Special ingredients help elevate home pantry
July 22, 2018 | 80° | Check Traffic

Crave| New York Times

Special ingredients help elevate home pantry

  • NEW YORK TIMES

    From left: Anchovy paste, scallions, capers, sliced almonds, Arborio rice, black olive paste, cannellini beans, pitted prunes, dried porcini mushrooms, red miso paste and good-quality jarred tuna. The items aren’t often cheap, but they are worthwhile investments, a safe-deposit collection for flavor.

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My husband sometimes complains that there’s never anything to eat in the house. If you examine my pantry, the only option might be eggs — and those take a bit of effort. I can remember desperation crackers, smeared with mustard, during late-night cram sessions in my college dorm, but that’s not the point. This is not a list of what to eat, but what you must have to be primed to prepare something good.

My list of pantry staples, the nuts and bolts of daily cooking, has nothing that will make you think twice. But beyond them are ingredients I frequently turn to when trying to elevate a dish and give it that certain je ne sais quoi, even when it’s something like an everyday meat sauce for pasta.

Here are my top 10 special go-to items in alphabetical order, not Letterman-style. I must have them on hand. Quality ingredients like these are often not cheap, but they are occasional worthwhile investments, a safe-deposit collection for flavor and panache.

>> Anchovy paste

The operative term is umami, the complexity that the Japanese call the “fifth taste.” A squiggle of anchovy paste will elevate a quick chicken liver pate Tuscan-style (or my mother’s sublime chopped liver), give depth to a meat sauce for pasta or enrich a vinaigrette as an alternative to mustard. It’s more convenient to use than whole anchovies.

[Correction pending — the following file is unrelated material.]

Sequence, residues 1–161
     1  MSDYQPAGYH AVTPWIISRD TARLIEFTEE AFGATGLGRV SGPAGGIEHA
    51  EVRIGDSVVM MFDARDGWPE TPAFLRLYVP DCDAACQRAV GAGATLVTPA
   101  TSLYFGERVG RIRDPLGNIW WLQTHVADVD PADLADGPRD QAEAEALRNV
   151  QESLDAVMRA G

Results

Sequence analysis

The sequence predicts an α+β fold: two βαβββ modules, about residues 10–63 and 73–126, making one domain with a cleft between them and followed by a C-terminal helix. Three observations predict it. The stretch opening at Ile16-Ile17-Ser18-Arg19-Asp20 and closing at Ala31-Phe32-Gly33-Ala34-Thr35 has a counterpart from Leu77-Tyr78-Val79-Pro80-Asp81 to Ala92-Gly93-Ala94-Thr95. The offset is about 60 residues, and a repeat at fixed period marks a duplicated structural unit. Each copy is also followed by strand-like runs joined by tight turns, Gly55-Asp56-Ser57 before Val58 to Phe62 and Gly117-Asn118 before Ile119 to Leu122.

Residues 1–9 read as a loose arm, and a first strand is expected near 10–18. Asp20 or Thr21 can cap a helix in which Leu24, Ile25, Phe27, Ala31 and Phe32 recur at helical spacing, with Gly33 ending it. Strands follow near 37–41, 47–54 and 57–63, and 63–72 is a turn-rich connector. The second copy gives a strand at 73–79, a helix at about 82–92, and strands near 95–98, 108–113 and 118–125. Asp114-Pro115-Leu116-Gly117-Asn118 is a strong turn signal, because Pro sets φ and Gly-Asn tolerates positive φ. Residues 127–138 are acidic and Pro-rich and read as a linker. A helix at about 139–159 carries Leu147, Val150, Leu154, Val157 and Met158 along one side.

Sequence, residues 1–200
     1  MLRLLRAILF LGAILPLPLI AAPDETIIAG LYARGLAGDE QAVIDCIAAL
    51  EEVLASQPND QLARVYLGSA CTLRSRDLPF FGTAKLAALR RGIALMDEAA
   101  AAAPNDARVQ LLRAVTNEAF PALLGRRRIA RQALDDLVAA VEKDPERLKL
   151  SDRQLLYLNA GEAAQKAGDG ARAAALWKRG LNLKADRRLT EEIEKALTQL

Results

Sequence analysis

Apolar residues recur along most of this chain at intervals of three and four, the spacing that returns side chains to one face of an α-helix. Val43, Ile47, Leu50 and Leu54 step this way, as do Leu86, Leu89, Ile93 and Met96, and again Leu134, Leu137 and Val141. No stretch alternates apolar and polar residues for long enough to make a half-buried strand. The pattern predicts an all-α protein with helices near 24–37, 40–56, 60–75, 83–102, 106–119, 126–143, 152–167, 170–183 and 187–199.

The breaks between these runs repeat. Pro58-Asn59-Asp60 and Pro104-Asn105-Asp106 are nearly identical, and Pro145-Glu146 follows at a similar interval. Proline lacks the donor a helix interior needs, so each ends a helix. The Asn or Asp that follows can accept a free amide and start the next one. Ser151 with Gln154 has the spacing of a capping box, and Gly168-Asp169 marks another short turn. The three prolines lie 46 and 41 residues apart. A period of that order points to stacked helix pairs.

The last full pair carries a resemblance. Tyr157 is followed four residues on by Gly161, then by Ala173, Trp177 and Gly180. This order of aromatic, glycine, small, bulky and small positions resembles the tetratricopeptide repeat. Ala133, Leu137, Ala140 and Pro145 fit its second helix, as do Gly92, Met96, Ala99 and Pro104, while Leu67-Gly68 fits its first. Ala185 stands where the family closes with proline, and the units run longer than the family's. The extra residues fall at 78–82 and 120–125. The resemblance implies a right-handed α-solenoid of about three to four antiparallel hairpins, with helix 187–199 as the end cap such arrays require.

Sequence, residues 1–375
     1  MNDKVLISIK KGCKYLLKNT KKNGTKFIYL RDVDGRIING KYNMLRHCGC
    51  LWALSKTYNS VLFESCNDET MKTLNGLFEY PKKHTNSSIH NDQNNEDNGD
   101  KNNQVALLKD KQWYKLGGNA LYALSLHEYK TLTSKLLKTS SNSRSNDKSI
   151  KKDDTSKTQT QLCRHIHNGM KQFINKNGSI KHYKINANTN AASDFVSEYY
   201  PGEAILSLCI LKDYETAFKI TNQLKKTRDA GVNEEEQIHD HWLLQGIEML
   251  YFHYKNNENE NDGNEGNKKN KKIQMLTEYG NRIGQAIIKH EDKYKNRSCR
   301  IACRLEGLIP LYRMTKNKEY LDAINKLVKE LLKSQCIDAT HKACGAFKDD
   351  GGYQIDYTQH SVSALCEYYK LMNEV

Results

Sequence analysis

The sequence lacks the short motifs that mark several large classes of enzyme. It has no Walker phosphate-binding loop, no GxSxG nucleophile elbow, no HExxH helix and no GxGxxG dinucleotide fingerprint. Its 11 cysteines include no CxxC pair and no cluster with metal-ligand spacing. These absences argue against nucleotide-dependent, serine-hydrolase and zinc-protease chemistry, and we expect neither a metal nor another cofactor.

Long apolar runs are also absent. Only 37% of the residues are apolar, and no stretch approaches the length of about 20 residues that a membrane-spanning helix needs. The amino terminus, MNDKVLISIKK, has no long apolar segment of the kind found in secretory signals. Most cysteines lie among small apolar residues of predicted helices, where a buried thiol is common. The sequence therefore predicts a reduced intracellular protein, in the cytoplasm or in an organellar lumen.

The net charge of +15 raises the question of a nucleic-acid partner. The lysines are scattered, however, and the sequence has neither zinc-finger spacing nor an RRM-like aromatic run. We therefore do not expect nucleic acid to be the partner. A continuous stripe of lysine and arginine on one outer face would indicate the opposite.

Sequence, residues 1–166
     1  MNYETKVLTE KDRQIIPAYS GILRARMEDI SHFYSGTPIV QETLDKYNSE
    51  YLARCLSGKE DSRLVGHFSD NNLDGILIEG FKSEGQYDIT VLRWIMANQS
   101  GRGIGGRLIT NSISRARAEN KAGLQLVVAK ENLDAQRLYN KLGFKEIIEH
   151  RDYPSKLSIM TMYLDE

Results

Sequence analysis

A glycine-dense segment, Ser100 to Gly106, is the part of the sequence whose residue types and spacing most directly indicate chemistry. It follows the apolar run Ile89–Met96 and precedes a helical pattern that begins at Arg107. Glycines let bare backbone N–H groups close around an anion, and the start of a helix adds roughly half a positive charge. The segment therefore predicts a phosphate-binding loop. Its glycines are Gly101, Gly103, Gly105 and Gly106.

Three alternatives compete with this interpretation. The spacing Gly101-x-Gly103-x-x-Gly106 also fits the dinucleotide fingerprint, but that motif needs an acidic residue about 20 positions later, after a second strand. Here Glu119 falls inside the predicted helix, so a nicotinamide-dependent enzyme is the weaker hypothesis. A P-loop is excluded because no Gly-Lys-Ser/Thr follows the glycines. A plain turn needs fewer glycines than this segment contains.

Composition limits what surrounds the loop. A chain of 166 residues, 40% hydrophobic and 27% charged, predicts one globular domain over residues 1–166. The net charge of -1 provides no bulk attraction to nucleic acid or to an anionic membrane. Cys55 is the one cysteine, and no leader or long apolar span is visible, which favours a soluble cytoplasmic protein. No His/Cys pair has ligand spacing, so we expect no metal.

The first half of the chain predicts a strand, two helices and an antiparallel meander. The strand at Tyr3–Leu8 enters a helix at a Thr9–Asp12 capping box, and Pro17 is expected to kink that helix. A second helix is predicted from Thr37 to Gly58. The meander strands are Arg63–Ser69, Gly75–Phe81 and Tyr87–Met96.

>> Arborio rice

There is such a thing as an easy, convenient risotto made in 30 minutes, start to finish, in one pot. That also goes for a quick paella supper in the same time — made with sliced sausages or vegetables. Short-grain rice is required for either dish, and I prefer to keep Italian Arborio on hand.

>> Canned cannellini beans

Need a starch for that dinner? Some heft for the pasta or a salad? Some substance in the soup? A can of white cannellini beans comes to my rescue on many occasions, even to puree and season for a dip or thin out to turn into soup.

>> Capers in vinegar

Few ingredients will dress a fillet of fish, a chicken breast, hanger steak, pork loin, vegetables like cauliflower, or a salad, like a random scattering of capers. For eye appeal, I prefer the small ones in vinegar.

>> Dried mushrooms

Soak dried mushrooms — porcini or morels — in warm water, pat them dry, and you have a straight path to an elegant sauce for pasta, or a glorious addition to a braise or stew. Strain the soaking liquid to use in the sauce.

>> Good-quality canned tuna

Whether your goal is simple tuna salad, salade nicoise, pasta to evoke southern Italy, or a weeknight casserole, try to find imported tuna in olive oil. It’s a treasure of flavor and texture.

>> Pitted prunes

Poaching prunes in lightly sweetened red wine with a couple of cinnamon sticks is my go-to emergency dinner finale, but one you will often see on dessert trolleys in Europe. Serve the dish at room temperature, embellished with some heavy cream, creme fraiche or vanilla ice cream. Use wine goblets for serving, to add glam to the weeknight.

>> Red miso or black olive paste

Miso or olive paste are ingredients I need to thicken soups, stews and gravies, and to add complexity to their flavor, as they unpack their umami when warmed (see anchovy paste).

>> Scallions

I cannot imagine cooking without fresh scallions (also known as green onions) in the refrigerator — to mince and enliven a salad; to garnish a platter; to add to a stir-fry, an omelet or a baked potato; or to float on bowls of soup.

>> Sliced almonds

These are the most versatile nuts to keep on hand. Toast them to use as a garnish, to add to a salad, or to scatter over a cake, panna cotta or ice cream. You can grind them for emergency almond flour. Because they have less fat than pecans or peanuts, they are not likely to go rancid, though they are best kept in the freezer.

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